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Tuesday, Jan 26, 2021
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‘I wasn’t allowed to leave the room’: Restrictive practices in a psychiatric ward during coronavirus

‘I wasn’t allowed to leave the room’: Restrictive practices in a psychiatric ward during coronavirus

Reducing restrictive practices (RP) has become one of the most ‘hated topics in psychiatry’, but it has become even harder in the pandemic, writes Jessica Brown

Bex Wainwright wasn’t expecting to spend her first night in an inpatient psychiatric ward completely alone.

But when she was admitted to Cross Lane Hospital in Scarborough at the end of the first lockdown, she says she was led through the back door to a ward where patients waited in isolation for their Covid-19 test results to come back. She would stay there for 24 hours, until her test came back negative.

“I wasn’t allowed to leave the room. The windows didn’t fully open, so to get fresh air I had to put my arm out the window. I was very lonely, and very scared.”

Wainwright passed the time by looking out of the window and colouring in, she says – her phone had to be taken away to be charged. She believes she would’ve settled in on the main ward much more quickly if she hadn’t first been isolated.

Around the same time, Sarah Mitchell* was admitted to The Lakes inpatient unit in Colchester. She says she was put into isolation for two days while waiting for her Covid-19 test results, and had to ring a buzzer if she needed a drink or the toilet. It was stressful, she says, and it exacerbated her mental state.

“I slept most of the time because there was nothing to do. I asked for a book or magazine, but was refused,” she says.

Isolation is arguably necessary to help control the spread of the virus, but it isn’t happening on every ward.

Patients who test positive across the six psychiatric wards at Wotton Lawn Hospital in Gloucester are asked to isolate, and are given TVs in their rooms.

“People often don’t self-isolate,” says Gary Dodson, the hospital’s matron. “This is the nature of acute psychiatry. There’s nothing we can do about that – we don’t keep people in their rooms because of Covid.”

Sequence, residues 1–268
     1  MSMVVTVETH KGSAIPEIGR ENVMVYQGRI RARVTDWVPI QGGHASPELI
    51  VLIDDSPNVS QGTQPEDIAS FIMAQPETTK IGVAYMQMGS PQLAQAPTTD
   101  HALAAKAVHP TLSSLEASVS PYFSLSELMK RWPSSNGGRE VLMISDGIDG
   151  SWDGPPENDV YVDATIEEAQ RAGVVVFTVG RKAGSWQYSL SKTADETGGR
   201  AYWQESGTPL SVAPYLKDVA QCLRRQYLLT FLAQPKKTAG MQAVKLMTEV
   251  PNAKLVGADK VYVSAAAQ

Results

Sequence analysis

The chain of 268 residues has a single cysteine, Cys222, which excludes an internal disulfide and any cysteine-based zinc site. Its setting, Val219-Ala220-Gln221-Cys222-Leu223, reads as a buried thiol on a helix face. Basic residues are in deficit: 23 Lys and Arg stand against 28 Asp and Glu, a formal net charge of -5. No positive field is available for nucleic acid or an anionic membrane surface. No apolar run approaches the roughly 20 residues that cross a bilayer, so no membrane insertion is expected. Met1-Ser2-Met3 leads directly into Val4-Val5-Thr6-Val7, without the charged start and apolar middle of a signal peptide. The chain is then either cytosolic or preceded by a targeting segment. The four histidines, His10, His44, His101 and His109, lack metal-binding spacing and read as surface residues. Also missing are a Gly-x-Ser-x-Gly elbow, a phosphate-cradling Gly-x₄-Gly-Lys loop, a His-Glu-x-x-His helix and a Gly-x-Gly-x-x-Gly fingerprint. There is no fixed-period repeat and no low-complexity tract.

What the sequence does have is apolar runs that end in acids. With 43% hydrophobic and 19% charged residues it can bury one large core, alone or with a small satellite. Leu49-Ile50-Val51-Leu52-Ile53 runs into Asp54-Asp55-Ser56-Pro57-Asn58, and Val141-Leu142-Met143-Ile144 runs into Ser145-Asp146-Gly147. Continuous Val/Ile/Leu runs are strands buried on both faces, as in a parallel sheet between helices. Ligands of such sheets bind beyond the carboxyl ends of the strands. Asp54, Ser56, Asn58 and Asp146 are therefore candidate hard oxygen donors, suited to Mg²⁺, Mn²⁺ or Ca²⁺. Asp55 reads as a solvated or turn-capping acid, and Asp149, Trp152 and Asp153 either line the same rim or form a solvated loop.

Reducing restrictive practices (RP), such as isolation, has been a huge national talking point in recent years – it’s “one of the most hated topics in psychiatry”, according to Dodson. The pandemic has highlighted how varied approaches are to RP across the country.

With coronavirus cases on the rise, efforts to reduce RP will likely be hindered as more patients await their test results in isolation. But can we afford to slow down progress?


Cross Lane Hospital in Scarborough

Experts recognise that RP has its place as a last resort to protect staff and patients in extreme circumstances. And some patients come to understand why RP was used.

Poppy Robson* has had rapid tranquilisation once and has been restrained several times when she was self-harming.

“I felt pretty awful afterwards, but looking back I know it was the right thing to prevent me from hurting myself. It was traumatic, though; being held down and injected is a really awful experience.”

Jane Thompson* was admitted to a psychiatric unit for the first time aged 18. She says she was traumatised after being held down and injected with sedatives. Last year, she went back into hospital aged 36 and says she was held down and injected again.

Keir Harding, occupational therapist

“As someone in their mid-thirties, in this day and age, compared to a vulnerable 18-year-old back in the early 2000s, it was completely different.

“I experienced it as loving, not scary. I was able to see looks of concern on people’s faces, see they were working hard to do this in a way that was going to help me.”

Up to half of all psychiatric inpatients in the UK are isolated at least once. But it’s been argued that some patients are receiving “overly restrictive” care, more than 30 years after the introduction of legislation preserving their right to the least restriction necessary.

“If someone is self-harming, it seems obvious that they should be stopped, but putting restrictions on them can make things more dangerous, and can wipe off peoples’ quality of life,” says occupational therapist Keir Harding.

When Harding got a job at a special security hospital, he was looking forward to feeling the satisfaction of helping people, but it didn’t turn out that way. In hindsight, his early career gave him insight into why staff might be more willing to use RP.

“I was prepared for people to take my advice, to be grateful, and go off into the world and get better,” he says.

“I wasn’t prepared for people who weren’t expecting me to be useful, who’d lived with people who were supposed to look after them but who actually hurt them.

“The majority of people working in mental health get a lot of their self-esteem from feeling useful, but if we’re working with someone whose way of coping is to hurt themselves, it’s hard to feel that.”